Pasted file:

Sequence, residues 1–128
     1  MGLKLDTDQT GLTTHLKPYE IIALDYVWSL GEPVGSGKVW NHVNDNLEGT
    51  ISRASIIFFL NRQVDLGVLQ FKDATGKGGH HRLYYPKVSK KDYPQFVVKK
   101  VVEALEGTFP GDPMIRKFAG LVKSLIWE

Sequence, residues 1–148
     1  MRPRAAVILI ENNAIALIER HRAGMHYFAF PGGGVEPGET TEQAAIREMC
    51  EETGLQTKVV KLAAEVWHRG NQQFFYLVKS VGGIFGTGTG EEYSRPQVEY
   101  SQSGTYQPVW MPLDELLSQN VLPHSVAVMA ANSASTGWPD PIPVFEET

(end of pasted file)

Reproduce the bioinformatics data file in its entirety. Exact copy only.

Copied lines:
Sequence, residues 1–128
     1  MGLKLDTDQT GLTTHLKPYE IIALDYVWSL GEPVGSGKVW NHVNDNLEGT
    51  ISRASIIFFL NRQVDLGVLQ FKDATGKGGH HRLYYPKVSK KDYPQFVVKK
   101  VVEALEGTFP GDPMIRKFAG LVKSLIWE

Sequence, residues 1–148
     1  MRPRAAVILI ENNAIALIER HRAGMHYFAF PGGGVEPGET TEQAAIREMC
    51  EETGLQTKVV KLAAEVWHRG NQQFFYLVKS VGGIFGTGTG EEYSRPQVEY
   101  SQSGTYQPVW MPLDELLSQN VLPHSVAVMA ANSASTGWPD PIPVFEET